Smcr8-/- and SMCR8-mutant (Smcr8I2T/I2T) showed increased TNF production in response to the TLR9 ligand CpG (11). The Smcr8-/- and Smcr8I2T/I2T mice also showed increased TNF responses and IL-6 production in response to stimulation with TLR7 and TLR3 ligands; TNF production was normal in response to TLR2 or TLR4 stimulation. Taken together, loss of SMCR8 function results in aberrant activation of endosomal TLRs. The defects in TLR9-associated signaling is proposed to be caused by defects in the SWC complex due to loss of SMCR8-assocated function (11). Loss of SWC complex function causes defects in lysosome and phagosome maturation, resulting in protracted TLR stimulation. Smcr8-/- and Smcr8I2T/I2T mice also showed splenomegaly and lymphadenopathy at 9 and 12 months of age (11). The mice showed normal numbers of macrophages, monocytes, neutrophils, B cells, and T cells in the peripheral blood; however, the percentages of naïve CD4+ and CD8+ T cells was reduced and the percentages of activated CD4+ and CD8+ T cells was increased (11). The mice also showed increased plasma levels of the cytokine IL-12p40 compared to wild-type mice (11). Smcr8-/- macrophages showed an accumulation of putative lysosomes. Similar to the patriot mice the Smcr8-/- and Smcr8I2T/I2T mice showed susceptibility to DSS treatment. Smcr8-/- mice also exhibited autoimmunity and increased lysosomal exocytosis in macrophages (4).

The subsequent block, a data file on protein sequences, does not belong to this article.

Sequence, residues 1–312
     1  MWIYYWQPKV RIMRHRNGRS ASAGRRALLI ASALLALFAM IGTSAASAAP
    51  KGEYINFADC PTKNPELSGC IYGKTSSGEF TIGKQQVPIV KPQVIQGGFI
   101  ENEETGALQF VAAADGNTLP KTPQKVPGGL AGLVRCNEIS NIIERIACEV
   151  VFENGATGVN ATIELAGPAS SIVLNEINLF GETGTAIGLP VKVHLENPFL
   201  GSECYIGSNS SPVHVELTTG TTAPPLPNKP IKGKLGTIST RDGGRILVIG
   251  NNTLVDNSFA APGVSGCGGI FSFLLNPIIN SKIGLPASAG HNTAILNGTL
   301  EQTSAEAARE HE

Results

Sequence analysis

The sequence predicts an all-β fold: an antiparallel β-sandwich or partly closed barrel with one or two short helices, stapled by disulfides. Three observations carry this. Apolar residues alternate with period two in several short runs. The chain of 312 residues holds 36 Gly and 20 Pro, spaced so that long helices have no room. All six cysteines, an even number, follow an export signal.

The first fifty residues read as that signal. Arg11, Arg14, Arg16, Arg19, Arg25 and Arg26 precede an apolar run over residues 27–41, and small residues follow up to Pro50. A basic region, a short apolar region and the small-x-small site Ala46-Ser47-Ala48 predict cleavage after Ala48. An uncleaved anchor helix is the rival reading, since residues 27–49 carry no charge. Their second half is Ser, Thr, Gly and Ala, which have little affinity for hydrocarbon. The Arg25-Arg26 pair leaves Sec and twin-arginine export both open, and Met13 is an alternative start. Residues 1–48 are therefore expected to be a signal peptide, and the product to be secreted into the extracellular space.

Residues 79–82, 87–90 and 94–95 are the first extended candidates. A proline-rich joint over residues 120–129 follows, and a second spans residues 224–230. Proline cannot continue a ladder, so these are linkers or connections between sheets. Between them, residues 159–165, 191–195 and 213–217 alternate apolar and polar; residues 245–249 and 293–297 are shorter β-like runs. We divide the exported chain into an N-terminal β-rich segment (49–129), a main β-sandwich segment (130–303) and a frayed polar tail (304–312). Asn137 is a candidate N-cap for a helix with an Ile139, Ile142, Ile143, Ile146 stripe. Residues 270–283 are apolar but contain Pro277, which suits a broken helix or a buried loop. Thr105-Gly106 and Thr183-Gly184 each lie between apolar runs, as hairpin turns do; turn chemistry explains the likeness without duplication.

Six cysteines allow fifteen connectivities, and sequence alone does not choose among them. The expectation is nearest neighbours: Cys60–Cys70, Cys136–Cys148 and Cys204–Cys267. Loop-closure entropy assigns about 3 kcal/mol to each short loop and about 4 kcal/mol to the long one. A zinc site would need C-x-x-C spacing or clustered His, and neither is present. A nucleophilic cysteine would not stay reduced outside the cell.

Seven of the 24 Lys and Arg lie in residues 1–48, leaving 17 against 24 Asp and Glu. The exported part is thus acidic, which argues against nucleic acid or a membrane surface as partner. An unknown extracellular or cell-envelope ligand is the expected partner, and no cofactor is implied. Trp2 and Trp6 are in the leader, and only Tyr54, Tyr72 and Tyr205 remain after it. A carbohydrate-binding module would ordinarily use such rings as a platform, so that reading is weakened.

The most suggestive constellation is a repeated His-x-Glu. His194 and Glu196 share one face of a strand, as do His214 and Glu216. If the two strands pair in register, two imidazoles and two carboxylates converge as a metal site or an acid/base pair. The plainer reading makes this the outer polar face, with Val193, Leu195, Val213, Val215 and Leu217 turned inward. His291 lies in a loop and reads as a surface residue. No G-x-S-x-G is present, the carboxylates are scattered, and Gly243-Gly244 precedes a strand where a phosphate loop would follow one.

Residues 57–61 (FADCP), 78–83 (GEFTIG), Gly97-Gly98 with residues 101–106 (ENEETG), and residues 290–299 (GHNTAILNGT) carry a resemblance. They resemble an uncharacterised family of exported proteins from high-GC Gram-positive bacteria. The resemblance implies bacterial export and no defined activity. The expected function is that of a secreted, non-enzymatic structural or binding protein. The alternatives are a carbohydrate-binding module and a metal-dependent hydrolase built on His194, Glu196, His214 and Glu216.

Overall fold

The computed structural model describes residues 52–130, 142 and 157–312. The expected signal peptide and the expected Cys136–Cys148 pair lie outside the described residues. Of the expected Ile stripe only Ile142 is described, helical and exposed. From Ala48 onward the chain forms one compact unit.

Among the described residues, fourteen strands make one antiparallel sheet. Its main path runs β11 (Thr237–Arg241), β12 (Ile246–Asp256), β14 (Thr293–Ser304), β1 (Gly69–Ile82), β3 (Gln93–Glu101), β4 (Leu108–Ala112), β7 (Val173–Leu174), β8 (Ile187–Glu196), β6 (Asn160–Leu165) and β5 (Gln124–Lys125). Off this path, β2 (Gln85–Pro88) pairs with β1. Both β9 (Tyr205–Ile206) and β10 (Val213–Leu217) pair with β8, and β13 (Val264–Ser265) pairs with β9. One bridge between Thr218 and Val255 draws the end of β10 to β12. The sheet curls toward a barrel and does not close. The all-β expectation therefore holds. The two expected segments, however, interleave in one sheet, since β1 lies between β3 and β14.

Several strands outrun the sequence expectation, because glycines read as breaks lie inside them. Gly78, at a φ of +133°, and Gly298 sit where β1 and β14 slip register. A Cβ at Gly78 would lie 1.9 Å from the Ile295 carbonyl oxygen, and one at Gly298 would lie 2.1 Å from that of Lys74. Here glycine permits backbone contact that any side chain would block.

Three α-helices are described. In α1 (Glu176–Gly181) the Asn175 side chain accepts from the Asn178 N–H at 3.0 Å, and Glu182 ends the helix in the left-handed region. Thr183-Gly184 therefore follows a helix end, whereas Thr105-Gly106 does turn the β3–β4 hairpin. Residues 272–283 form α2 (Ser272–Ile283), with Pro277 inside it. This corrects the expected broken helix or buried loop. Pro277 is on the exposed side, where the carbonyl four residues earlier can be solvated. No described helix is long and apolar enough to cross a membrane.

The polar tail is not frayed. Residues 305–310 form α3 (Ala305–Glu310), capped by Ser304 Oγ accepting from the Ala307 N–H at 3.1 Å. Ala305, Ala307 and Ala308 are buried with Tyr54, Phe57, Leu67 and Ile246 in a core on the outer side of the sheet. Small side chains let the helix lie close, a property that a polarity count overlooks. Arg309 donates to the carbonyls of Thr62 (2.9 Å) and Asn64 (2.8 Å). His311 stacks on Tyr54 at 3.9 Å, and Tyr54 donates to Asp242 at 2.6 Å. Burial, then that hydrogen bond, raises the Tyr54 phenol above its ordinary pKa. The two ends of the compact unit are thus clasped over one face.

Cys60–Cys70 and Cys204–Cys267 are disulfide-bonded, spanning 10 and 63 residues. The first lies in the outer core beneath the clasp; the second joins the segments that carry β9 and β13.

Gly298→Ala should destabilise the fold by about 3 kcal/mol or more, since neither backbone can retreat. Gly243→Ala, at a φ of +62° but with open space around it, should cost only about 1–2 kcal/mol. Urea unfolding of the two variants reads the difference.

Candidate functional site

The colitis phenotype observed in the patriot3 mice is putatively caused by defects in endosomal TLR signaling; the endosomal TLRs are required for protection in colitis.
1) 94°C 2:00
The following sequence of 401 nucleotides is amplified (chromosome 11, + strand):
1 cctatgcgga taatgagggg gccatccatt tccaggcaag tgccggctca ccagaaccgg
Primer binding sites are underlined and the sequencing primers are highlighted; the mutated nucleotide is shown in red.
1. Zhang, D., Iyer, L. M., He, F., and Aravind, L. (2012) Discovery of Novel DENN Proteins: Implications for the Evolution of Eukaryotic Intracellular Membrane Structures and Human Disease. Front Genet. 3, 283.